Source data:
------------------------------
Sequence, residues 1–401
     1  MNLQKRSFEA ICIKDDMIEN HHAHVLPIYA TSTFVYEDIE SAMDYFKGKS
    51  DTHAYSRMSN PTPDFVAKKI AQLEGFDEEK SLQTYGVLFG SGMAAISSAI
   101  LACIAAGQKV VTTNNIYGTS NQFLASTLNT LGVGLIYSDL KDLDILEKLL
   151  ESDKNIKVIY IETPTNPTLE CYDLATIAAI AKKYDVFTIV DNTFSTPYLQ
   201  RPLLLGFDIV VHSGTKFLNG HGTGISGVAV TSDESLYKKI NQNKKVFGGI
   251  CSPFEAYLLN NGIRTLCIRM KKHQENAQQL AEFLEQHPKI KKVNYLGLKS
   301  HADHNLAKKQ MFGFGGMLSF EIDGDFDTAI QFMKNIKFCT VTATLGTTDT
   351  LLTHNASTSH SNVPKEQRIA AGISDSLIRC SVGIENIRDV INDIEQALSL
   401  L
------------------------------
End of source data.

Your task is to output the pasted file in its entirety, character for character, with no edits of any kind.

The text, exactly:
Sequence, residues 1–401
     1  MNLQKRSFEA ICIKDDMIEN HHAHVLPIYA TSTFVYEDIE SAMDYFKGKS
    51  DTHAYSRMSN PTPDFVAKKI AQLEGFDEEK SLQTYGVLFG SGMAAISSAI
   101  LACIAAGQKV VTTNNIYGTS NQFLASTLNT LGVGLIYSDL KDLDILEKLL
   151  ESDKNIKVIY IETPTNPTLE CYDLATIAAI AKKYDVFTIV DNTFSTPYLQ
   201  RPLLLGFDIV VHSGTKFLNG HGTGISGVAV TSDESLYKKI NQNKKVFGGI
   251  CSPFEAYLLN NGIRTLCIRM KKHQENAQQL AEFLEQHPKI KKVNYLGLKS
   301  HADHNLAKKQ MFGFGGMLSF EIDGDFDTAI QFMKNIKFCT VTATLGTTDT
   351  LLTHNASTSH SNVPKEQRIA AGISDSLIRC SVGIENIRDV INDIEQALSL
   401  L